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US Labor Department and Wisconsin Department of Workforce Development sign agreement to reduce misclassification of employees

WHD NEWS Brief: 1/20/2015 
Release Number: 15-0062-NAT

Description: Officials from the U.S. Department of Labor and the Wisconsin Department of Workforce Development signed a memorandum of understanding with the goal of protecting the rights of employees by preventing their misclassification as independent contractors or other nonemployee statuses. Under the agreement both agencies will share information and coordinate law enforcement.

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(Copy of MOU)

Analysis Finds Rampant Wage Theft Across Colorado

Monday, January 19, 2015
By Rocky Mountain PBS I-News & Anna Boiko-Weyrauch

From telemarketers to tortilla manufacturers, workers in myriad industries have suffered from employers failing to pay them wages they are owed, a Rocky Mountain PBS I-News investigation has found.

While blue-collar workers are most frequently cheated, workers across pay-scales in Colorado are vulnerable to wage theft – a term for employers illegally withholding wages – an analysis of federal enforcement data shows.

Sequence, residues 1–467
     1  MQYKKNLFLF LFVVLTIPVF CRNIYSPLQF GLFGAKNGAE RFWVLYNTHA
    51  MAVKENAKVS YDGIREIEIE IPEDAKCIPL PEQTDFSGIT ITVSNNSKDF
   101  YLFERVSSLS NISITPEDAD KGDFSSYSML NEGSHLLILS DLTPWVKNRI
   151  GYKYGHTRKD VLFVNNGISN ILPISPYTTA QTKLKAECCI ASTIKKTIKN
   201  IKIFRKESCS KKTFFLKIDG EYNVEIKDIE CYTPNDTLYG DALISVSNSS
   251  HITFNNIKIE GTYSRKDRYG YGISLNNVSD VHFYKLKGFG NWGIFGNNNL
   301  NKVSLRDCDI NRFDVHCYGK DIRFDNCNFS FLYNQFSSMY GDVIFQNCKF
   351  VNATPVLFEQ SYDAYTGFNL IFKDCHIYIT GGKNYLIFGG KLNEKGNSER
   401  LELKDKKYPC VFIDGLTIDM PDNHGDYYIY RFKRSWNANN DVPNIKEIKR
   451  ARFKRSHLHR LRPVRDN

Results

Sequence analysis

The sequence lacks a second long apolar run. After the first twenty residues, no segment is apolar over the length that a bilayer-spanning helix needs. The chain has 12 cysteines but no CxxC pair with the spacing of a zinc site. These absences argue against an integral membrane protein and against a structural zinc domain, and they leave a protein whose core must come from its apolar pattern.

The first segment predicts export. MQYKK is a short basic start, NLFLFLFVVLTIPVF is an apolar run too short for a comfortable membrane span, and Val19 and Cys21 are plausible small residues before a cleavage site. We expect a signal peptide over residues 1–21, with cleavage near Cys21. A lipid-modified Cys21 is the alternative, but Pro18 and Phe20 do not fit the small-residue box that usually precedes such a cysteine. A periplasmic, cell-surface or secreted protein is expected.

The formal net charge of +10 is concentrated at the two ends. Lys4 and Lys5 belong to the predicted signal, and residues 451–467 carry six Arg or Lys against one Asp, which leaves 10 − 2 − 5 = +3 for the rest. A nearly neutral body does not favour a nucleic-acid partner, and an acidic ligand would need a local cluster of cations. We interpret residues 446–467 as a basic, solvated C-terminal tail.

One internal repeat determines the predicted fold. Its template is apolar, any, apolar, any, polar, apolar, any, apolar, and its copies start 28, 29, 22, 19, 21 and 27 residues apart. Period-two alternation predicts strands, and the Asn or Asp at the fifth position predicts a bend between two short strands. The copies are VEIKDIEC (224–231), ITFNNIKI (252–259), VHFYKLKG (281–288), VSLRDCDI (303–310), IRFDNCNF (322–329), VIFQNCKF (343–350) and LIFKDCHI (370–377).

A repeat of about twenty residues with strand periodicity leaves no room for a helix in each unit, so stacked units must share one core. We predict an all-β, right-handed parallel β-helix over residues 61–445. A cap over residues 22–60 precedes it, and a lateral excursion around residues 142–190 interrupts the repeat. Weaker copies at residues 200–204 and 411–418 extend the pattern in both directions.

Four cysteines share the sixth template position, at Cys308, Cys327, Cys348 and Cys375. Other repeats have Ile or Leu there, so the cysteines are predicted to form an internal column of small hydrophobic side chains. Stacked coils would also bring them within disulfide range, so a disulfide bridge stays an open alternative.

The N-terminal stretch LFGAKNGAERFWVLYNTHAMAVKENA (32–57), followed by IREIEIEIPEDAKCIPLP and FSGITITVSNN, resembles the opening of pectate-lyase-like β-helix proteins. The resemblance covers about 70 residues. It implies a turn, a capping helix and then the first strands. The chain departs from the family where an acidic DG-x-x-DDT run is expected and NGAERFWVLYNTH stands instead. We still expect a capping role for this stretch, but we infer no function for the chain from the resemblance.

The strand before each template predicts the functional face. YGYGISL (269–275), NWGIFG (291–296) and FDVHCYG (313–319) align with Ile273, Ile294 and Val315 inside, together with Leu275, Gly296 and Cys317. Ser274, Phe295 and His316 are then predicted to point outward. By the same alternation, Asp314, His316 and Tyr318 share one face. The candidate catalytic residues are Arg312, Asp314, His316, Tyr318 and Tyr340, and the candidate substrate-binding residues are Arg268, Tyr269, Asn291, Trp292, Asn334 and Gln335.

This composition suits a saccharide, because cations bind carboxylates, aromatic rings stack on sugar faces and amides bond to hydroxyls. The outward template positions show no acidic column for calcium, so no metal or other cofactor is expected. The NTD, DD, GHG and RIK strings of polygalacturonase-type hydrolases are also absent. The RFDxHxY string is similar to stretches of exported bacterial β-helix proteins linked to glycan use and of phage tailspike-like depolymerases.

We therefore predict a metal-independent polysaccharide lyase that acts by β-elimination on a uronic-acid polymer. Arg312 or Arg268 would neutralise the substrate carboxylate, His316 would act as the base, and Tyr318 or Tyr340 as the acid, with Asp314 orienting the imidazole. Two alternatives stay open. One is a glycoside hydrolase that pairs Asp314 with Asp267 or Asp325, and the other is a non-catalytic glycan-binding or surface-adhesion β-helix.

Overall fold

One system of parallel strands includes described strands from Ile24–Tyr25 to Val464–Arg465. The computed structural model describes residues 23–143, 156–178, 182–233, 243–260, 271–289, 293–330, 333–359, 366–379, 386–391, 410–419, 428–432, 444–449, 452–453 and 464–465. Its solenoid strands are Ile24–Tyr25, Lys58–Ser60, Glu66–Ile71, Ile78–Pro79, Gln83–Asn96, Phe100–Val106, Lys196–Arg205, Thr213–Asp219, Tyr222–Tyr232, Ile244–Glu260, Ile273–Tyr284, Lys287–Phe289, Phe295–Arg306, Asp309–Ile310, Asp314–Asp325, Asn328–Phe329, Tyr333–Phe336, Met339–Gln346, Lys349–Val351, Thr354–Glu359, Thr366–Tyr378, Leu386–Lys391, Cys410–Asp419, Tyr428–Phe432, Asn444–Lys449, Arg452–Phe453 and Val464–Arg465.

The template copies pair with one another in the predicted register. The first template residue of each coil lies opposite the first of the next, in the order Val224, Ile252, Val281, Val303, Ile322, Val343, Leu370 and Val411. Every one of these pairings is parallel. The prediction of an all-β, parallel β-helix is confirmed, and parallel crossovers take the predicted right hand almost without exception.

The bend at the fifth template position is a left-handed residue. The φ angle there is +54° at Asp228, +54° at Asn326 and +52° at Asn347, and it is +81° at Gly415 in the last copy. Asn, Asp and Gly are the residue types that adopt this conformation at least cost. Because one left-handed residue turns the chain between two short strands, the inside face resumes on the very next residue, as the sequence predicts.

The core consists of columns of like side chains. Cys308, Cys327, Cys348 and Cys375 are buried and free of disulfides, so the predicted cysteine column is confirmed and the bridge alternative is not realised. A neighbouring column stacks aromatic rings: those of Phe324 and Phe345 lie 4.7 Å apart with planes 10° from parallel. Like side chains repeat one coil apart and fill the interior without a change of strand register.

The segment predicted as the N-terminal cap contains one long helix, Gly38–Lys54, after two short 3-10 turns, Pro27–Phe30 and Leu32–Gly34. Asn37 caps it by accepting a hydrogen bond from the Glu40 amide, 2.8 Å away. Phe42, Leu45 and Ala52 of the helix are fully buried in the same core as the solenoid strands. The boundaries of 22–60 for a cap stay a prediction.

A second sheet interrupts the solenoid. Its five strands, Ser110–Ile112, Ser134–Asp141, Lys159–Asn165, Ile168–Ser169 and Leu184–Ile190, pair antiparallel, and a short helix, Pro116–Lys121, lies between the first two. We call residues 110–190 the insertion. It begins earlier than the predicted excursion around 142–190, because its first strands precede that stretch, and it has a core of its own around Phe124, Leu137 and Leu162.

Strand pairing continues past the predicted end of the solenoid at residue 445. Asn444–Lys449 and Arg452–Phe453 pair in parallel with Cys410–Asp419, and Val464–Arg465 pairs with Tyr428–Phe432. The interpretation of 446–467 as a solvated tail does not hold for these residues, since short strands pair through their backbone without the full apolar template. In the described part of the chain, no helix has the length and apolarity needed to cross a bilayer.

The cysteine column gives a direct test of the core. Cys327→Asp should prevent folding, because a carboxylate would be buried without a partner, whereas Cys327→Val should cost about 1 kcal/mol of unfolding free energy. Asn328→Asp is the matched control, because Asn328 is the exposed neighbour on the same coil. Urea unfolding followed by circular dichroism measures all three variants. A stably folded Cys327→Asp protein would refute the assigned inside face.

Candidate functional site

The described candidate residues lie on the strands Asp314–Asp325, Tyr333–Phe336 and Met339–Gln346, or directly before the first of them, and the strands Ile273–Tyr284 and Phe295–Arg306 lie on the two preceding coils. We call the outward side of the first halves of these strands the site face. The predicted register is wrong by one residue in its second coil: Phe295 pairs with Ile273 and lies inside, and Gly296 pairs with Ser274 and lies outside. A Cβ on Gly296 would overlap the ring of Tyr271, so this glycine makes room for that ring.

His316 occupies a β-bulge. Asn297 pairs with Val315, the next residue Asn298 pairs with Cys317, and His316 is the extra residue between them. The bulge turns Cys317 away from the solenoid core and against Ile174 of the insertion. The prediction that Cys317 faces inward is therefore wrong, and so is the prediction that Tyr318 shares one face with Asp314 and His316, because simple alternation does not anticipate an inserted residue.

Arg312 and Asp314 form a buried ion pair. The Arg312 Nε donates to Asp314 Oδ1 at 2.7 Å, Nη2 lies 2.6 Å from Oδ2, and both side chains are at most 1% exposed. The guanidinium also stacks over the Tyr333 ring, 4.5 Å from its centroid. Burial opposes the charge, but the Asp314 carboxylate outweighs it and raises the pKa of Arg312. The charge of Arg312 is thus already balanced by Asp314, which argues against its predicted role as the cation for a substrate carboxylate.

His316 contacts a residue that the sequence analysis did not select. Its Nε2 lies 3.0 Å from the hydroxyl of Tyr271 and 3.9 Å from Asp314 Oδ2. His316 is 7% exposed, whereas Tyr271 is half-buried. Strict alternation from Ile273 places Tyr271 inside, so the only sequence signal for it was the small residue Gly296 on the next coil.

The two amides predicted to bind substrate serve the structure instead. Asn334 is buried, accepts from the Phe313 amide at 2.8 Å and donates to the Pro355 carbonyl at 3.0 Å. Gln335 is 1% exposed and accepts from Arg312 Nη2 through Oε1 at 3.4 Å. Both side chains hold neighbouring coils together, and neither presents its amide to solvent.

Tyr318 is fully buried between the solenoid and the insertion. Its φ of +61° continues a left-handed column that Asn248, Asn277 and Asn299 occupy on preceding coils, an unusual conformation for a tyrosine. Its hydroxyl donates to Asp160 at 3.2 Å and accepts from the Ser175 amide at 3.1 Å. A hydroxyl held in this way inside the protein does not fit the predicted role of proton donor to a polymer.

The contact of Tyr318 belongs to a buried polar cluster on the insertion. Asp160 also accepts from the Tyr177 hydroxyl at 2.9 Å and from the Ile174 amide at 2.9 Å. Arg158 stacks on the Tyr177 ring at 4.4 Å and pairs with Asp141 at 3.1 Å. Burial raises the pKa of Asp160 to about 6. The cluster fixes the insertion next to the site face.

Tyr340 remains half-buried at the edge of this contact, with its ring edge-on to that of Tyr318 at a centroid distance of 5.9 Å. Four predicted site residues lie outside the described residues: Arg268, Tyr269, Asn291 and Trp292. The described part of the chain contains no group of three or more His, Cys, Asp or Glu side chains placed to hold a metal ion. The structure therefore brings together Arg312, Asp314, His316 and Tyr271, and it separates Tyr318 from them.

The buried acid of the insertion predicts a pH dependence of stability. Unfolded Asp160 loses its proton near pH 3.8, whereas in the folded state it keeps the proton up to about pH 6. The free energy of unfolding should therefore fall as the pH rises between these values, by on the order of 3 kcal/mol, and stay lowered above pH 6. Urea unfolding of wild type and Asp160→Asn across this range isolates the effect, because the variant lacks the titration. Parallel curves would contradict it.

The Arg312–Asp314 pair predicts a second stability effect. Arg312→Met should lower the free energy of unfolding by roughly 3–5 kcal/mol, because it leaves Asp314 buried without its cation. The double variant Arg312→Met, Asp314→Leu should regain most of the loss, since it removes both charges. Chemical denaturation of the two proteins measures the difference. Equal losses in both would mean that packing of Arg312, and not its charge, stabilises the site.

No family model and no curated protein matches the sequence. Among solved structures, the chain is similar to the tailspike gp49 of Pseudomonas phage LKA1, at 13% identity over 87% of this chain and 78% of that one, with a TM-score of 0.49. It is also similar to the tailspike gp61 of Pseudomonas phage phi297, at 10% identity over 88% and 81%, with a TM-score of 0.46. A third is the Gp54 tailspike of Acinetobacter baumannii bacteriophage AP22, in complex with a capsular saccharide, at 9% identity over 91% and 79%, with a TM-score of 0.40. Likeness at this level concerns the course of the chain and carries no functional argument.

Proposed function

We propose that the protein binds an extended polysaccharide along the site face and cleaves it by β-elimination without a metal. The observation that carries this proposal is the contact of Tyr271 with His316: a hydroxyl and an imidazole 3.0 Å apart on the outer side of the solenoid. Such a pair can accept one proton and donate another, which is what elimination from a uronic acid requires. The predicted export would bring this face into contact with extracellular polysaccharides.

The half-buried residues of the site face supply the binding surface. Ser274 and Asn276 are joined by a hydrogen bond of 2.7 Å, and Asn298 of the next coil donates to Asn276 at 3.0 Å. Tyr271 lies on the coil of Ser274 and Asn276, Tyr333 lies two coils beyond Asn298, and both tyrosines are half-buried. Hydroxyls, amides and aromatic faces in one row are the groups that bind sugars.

Since 2005, the federal Department of Labor has recovered more than $31 million in wages that had been illegally withheld by employers in Colorado in violation of the Fair Labor Standards Act.

Across the U.S. the amount of illegally withheld wages was more than $1.4 billion for the same period.

Under the Colorado Wage Claim Act, employers who cheat workers out of wages can face a misdemeanor charge, $300 fine and 30 days in a county jail – penalties the General Assembly put in place in 1941 that have not changed since.

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Labor and Employment Federal Regulatory Reporting and Other Requirements in the First Quarter of 2015

1/14/2015 by Robert Lian, Brian Glenn Patterson

 

There are several important dates that employers should keep in mind during the first quarter of 2015. While some are long-standing requirements, others are the product of recent regulatory action by the Obama administration.  Key dates appear below.
Effective January 1, 2015
Occupational Safety and Health Administration/U.S. Department of Labor Expansion of injury and illness reporting requirement

 

Historically, employers have been required to report to OSHA within eight hours any occupational fatalities and occupational injuries and illnesses resulting in the hospitalization of three or more employees. OSHA’s updated recordkeeping and reporting rule expands the list of injuries that employers must report to OSHA.  As of January 1, 2015, all employers must report the following:

Within 8 hours:

All work-related fatalities; and

Within 24 hours:

All work-related inpatient hospitalizations to any employee (no longer limited to three employee hospitalizations);

All work-related amputations; and

All work-related losses of an eye.